• Otter Views: Lassitude at Lassen

    by Tom Stevens

    steerIf all goes well, travel vacations have a blissful “apogee.” In astronomy, that’s the farthest an orbiter gets from the body it’s circling before mother gravity pulls it back.

    In holiday parlance, it’s when the vacationing self achieves the greatest spiritual and emotional distance from the workaday self. A friend once called this state of mind “the end point of desire.”

    I’m told enlightened people experience this all the time, but I seem to have to drive long distances to get there. Even then, vacation satori is hit or miss. Sometimes luck trumps intention.

    My original intention was to find in the wilderness a clean, clear, sparkly body of fresh water to row across, swim in and camp beside. Ideally, I would also be able to drink the water after filtering it through a clever hand-pump unit purchased from REI.

    Hoping Ahjumawi Lava Springs would be this pristine body of water, I drove to Shasta County only to discover it wasn’t so. The Springs may have been pristine in pre-contact times, but now surrounding cattle ranches and rice farms decant enough waste into them to deter swimming and foul the REI pump.

    bearThen there is the steady tattoo of gunfire. After a relatively sleepless night camping at The Springs, I rowed back to the mainland, loaded up the truck, and stopped for gas at a garage in McArthur. “What hunting season are we in?” I asked the owner. “Ducks? Elk? Tourists? I heard shooting all night.”

    “Those are propane cannons,” he grinned. “S’posed to scare black birds out of the rice.”

    Relieved, I breakfasted next door at Myrtle’s Chit Chat beneath the solemn gaze of a huge longhorn. “Tex was a mighty fine steer,” read the accompanying ode. “To Albert’s heart he was dear. He stood on a hill on the road to Pittville, and lived ‘til his twentieth year. Now he overlooks the food being cooked . . . today at Myrtle’s Café.”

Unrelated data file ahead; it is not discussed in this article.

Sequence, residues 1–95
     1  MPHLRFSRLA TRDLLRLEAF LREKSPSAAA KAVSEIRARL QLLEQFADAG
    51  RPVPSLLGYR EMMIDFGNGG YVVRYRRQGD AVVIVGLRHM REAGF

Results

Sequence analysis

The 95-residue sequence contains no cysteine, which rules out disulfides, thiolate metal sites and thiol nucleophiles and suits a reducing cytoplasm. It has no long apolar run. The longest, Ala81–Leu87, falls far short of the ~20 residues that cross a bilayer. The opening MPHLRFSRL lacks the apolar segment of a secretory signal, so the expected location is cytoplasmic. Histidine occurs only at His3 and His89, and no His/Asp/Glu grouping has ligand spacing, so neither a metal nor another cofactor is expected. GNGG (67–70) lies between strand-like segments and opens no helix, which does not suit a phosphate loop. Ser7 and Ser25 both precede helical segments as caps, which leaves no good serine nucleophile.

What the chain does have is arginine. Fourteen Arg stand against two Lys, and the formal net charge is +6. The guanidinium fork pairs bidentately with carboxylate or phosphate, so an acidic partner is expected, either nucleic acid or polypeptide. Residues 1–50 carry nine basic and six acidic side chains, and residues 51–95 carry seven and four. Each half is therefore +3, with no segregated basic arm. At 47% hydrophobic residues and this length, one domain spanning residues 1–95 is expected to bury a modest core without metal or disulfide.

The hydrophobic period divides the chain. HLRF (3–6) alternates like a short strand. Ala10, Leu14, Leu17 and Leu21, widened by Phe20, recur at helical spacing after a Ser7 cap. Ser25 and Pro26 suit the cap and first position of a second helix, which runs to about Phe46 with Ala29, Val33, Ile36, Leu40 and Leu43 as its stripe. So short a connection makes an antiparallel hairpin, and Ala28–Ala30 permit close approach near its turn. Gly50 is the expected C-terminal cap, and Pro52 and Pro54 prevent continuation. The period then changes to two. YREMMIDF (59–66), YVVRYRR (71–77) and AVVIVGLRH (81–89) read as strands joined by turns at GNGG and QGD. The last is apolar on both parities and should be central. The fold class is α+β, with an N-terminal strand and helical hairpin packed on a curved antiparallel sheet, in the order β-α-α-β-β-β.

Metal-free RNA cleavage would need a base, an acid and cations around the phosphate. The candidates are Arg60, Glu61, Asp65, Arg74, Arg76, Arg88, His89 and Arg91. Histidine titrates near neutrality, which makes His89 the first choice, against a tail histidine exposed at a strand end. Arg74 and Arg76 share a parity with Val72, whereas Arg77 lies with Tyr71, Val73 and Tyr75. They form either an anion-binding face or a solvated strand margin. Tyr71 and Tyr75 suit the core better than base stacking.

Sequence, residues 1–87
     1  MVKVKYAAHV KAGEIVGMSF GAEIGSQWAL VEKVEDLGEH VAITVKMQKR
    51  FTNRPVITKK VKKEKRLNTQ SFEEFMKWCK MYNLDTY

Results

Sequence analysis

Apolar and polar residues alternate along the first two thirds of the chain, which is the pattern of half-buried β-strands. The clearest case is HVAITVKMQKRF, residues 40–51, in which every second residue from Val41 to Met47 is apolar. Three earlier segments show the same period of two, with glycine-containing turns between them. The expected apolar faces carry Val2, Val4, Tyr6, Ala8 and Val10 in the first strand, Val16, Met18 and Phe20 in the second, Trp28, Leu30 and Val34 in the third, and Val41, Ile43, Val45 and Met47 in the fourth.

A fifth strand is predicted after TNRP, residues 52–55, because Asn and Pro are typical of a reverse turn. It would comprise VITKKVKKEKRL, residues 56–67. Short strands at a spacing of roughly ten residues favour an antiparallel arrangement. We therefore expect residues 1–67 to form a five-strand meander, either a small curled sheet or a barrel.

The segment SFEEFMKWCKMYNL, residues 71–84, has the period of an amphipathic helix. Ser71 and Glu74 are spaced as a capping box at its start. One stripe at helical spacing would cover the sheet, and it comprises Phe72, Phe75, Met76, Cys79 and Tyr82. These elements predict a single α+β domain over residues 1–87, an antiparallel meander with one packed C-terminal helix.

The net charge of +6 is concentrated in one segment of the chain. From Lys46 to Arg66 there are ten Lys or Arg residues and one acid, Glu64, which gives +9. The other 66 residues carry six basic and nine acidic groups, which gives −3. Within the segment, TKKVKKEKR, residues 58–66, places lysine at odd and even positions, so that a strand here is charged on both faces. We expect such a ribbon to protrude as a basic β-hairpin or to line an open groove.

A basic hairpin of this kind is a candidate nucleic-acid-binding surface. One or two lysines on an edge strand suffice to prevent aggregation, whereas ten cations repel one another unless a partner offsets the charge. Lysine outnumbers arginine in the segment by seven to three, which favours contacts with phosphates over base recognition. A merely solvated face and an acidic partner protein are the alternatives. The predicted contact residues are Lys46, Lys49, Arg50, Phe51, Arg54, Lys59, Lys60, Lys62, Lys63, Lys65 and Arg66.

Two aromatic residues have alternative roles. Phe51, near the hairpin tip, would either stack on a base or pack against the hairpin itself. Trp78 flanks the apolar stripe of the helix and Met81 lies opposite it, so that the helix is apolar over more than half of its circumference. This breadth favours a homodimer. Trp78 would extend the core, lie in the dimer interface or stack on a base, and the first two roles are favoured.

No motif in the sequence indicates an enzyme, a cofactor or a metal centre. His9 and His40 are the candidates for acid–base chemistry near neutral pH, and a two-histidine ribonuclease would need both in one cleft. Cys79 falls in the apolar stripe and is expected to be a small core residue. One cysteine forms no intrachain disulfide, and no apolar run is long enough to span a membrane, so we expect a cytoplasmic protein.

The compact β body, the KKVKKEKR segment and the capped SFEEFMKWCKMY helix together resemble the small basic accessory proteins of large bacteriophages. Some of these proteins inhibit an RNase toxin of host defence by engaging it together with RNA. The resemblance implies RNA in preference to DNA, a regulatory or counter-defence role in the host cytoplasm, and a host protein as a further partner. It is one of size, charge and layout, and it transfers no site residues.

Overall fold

Comforted that the region values poetic sentiment along with firearms and secession bids, I leafed through that week’s Mountain Echo. An article about the upcoming 95th annual Intermountain Fair suggested what sort of mettle longtime residents possess.

    The fair’s 2013 Destruction Derby would mark the 30th consecutive race appearance of Charles “Skeeter” Bethel, who set a high bar for personal grittiness. “One year Skeeter severed two fingers just a week before the Derby,” reported the Echo. “Surgeons reattached the fingers, and, with duct tape securing his injured hand to his chest, Bethel kept his string of driving in Derbies intact.”

    campfireMy own, far less noteworthy, driving took me next to the stream side town of Adin, which trumped even Myrtle’s Cafe in the mounted animal derby. Adin Supply, the big general store there, featured a dozen trophy heads and an entire stuffed bear. I bought a ball cap so I’d remember that place.

    Also memorable was the Modoc County Historical Museum in Alturas. A small and excellent repository of that region’s cultures, settlers and industries, the museum boasted a coal-fired locomotive outside and a prodigious gun collection inside. There was also an antique telephone switchboard, but it didn’t dial 911.

    My quest for a mountain swim led at length to Lassen County and Lake Almanor. But alas, its tributaries drain many cattle ranches, and the wind was kicking up whitecaps. Discouraged, I parked beside a bike shop in the amiably-named town of Chester.

    “Any swimmable lakes near here?” I asked the burly proprietor.   “How long you got?” he squinted. Rummaging beneath a counter, he produced a curious, Bingo-type grid card with seven rows of squares across and seven down. “I host a game for lake swimmers,” he explained. “There’s 49 lakes within a day’s drive of here. If you log them all, you win a tie-dyed tee-shirt.”

    “I just need one lake,” I said. “I’m nearing the apogee of my vacation, and I haven’t found the end point of desire.”

    He nodded. “Right fork as you head out of town. Eight miles on pavement, six more on gravel will take you to Juniper Lake. It’s coming up on Labor Day, though. You’d better get out there.”

    rowerReaching Juniper Lake in mid-afternoon, I was lucky to claim a campsite. I promptly pitched my tent, donned my swim gear and inflated my row boat. Feeling like some latter day Vasco da Gama, I circumnavigated the lake. Its waters were deep, clear, sparkly, pellucid, sun-spangled, luminous, gem-like . . . words fail me. And at the top of the lake was a shallow, sandy swimming channel.

    After a night blessedly free from propane cannons, I hiked the next morning to the even clearer, cleaner, warmer “Crystal Lake.” That was the end point of desire, and this is, therefore, the end.

    posted to Cedar Street Times on September 20, 2013

    Topics: Otter Views


    You must be logged in to post a comment.